1. 4th Amendment Abrogation. 25 years of Conservative jurisprudence which focuses on “the reasonable needs of law enforcement” has essentially destroyed the 4th Amendment’s requirements and protections. More often than not, the violations which these “reasonable needs” are often responsible for have to do with evidence and suspicion of drug-related activity.
2. Abrogation of Posse Comitatus. the Posse Comitatus Act was passed in 1878 to forbid the use of Military forces for domestic law enforcement and policing. A decade after Nixon declared the War on Drugs, Congress passed the Military Cooperation with Law Enforcement Act, which essentially invalidates the Posse Comitatus Act in spirit and letter.
3. Disparate Racial Impact. The War on Drugs has had destructive effects on minority communities by disproportionately increasing incarceration rates among urban poor. Throwing people in jail under mandatory minimum sentencing laws also exposes them to violent criminal elements that may only serve to make violent criminals out of non-violent offenders when they are released from incarceration, thus increasing the harm done to minority communities through the genesis of violent, criminal behavior in minority offenders. Drug Profiles used by law enforcement often have racial elements, thus making minorities more likely to be victims of law enforcement scrutiny. Having drug convictions on record also makes it even less likely that a member of a disfavored racial group will be able to pull themselves out of poverty.
4. Empowerment of Drug Cartels In Mexico. The War on Drugs has empowered Mexican drug cartels by driving up the price of illegal drugs; this price is inherent in the risk involved in getting these drugs across the American border, which allows Drug Cartels to justify higher prices. This has various deleterious effects, such as an increase in violence among the Mexican population, additional pressure on border security and immigration officials, as well as increasing the amount of money which addicts must spend in order to secure drugs, indirectly increasing their poverty and making them more likely to result to secondary criminal behavior, such as larceny or fraud, in order to secure funds to supply their drug habit. This in turn increases the victimization of innocent 3rd parties, most importantly the friends and family of people with drug addictions.
5. Federalism Crisis. Disparities between state and federal drug laws have caused a crisis of Federalism, most potently in the State of California, which has the most permissive medical Marijuana rules in the country. By enforcing federal drug laws against States which have conditionally legalized marijuana, the Federal government has created a Constitutional crisis that undermines the Rule of Law by demonstrating that State criminal statutes will not be respected where they differ from Federal statutes, encouraging people to lobby for Federal pre-emption where a State law conflicts with their personal interests.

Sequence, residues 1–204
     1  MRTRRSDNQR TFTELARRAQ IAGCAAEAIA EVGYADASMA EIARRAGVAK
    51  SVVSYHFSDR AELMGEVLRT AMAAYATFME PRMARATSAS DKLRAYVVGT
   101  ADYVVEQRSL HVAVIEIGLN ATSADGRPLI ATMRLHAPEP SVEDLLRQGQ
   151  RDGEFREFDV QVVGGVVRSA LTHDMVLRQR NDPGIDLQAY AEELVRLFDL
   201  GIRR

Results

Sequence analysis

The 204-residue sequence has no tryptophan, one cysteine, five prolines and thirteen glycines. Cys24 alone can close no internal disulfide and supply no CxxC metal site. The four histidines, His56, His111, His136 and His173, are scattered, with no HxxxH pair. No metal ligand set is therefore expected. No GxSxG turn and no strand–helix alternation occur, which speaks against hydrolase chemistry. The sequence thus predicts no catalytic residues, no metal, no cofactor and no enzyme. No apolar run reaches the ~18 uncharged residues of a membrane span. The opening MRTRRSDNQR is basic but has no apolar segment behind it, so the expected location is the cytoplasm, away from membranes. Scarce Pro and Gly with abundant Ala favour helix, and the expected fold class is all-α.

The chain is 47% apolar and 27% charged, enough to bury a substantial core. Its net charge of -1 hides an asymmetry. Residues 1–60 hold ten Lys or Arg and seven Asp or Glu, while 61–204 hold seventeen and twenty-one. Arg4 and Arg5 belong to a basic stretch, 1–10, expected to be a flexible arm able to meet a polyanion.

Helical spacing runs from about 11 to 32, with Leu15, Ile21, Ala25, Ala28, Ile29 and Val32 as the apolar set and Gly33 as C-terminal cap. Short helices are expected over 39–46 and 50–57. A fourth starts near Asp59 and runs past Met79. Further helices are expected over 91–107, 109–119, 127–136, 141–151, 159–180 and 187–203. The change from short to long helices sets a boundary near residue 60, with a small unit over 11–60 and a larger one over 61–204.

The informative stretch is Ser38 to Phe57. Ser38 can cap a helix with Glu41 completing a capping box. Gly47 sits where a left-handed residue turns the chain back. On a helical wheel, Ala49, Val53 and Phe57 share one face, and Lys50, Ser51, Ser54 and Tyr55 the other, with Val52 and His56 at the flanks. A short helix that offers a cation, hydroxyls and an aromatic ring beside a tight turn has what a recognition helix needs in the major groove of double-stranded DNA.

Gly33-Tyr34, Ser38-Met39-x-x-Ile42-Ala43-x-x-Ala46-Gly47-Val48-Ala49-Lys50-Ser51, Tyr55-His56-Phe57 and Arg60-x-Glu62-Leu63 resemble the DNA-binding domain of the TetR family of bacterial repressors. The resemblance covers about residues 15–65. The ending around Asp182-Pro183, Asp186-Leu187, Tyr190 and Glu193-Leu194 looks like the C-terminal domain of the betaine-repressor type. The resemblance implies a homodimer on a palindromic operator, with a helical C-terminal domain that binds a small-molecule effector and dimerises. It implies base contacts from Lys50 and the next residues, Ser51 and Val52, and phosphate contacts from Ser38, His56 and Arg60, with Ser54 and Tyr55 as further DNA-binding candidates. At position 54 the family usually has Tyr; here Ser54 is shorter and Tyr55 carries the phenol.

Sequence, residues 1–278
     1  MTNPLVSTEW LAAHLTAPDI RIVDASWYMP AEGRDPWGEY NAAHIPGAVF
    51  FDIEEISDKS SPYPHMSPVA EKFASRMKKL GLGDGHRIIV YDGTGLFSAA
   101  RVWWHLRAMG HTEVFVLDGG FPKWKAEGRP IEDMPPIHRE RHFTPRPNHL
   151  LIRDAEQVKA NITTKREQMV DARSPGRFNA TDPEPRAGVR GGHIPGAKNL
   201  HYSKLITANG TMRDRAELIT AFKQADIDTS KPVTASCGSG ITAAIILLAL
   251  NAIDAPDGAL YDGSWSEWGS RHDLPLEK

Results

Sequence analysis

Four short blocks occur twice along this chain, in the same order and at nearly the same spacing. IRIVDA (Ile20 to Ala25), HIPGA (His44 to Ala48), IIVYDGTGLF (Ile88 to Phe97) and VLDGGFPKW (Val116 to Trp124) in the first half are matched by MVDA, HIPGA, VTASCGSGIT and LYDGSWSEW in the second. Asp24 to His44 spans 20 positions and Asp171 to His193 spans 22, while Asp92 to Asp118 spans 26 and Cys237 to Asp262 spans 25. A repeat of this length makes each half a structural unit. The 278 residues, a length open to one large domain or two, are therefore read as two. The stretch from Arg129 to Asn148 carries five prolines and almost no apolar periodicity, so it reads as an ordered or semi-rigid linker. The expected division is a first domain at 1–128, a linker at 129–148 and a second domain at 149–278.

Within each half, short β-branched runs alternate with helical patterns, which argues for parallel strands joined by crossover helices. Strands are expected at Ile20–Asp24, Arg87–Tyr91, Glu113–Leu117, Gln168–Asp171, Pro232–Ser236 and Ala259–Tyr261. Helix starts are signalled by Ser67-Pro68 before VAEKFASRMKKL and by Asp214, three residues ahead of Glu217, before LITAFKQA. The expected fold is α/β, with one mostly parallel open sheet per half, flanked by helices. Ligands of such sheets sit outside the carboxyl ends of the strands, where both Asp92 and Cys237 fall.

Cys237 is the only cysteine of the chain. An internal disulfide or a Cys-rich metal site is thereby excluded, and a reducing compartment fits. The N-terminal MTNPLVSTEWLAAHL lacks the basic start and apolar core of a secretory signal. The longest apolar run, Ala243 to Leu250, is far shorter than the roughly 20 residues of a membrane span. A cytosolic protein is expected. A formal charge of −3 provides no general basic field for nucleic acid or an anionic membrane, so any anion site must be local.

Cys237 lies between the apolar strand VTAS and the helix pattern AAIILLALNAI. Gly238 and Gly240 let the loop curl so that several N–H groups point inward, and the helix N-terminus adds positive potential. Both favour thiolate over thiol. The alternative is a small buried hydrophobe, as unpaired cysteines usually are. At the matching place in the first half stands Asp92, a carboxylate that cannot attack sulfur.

6. Demonization/Victimization of Terminally Or Chronically Ill Medical Marijuana Users. People who feel the legitimate need to resort to using marijuana to alleviate the symptoms of chronic or terminal illness are subject to criminal sanction, making criminals out of our most vulnerable citizens.
7. Increased Risk Of Injury And Death To Citizens. The militarization of law enforcement combines with the imperatives of the Drug War to introduce violence into non-violent situations, creating risk of death to unsuspecting citizens who may mistake law enforcement executing a Drug Warrant for a violent intruder.
8. Increased Risk Of Injury And Death To Police. Law enforcement officials are more likely to enter violent situations (or create them) as a result of the militarization mentioned above, and thus expose themselves to risk of injury and death from “friendly” police fire and home-owners reasonably defending their homes from a perceived invasion.
9. Cost to Governments. Exploding prison populations have placed unsustainable burdens on state and federal governments and court systems, as evidenced by the recent Supreme Court-mandated release of thousands of prisoners from custody in California’s prison systems. The cost of hiring additional law enforcement to deal with drug interdiction only adds to the cost of enforcing Drug laws.
10. Abrogation of Inmate’s Rights. The Prison Litigation Reform Act of 1996 was passed by proponents such as Bob Dole, who argued that eliminating “frivolous” inmate lawsuits for abuse and constitutional violations would free up resources for crime prevention, policing, and the War on Drugs. The War on Drugs then has served as one among many justifications to limit the ability of inmates to seek justice for perceived abuses and violations of civil rights.
This is hardly an exhaustive list, but I intend to demonstrate as conclusively as possible that the law enforcement culture created by the War on Drugs has resulted in more harm, both to citizens and law enforcement officials, than would have happened in its absence. I look forwarded to sharing the finished product with you all once it’s done, probably sometime in the Spring.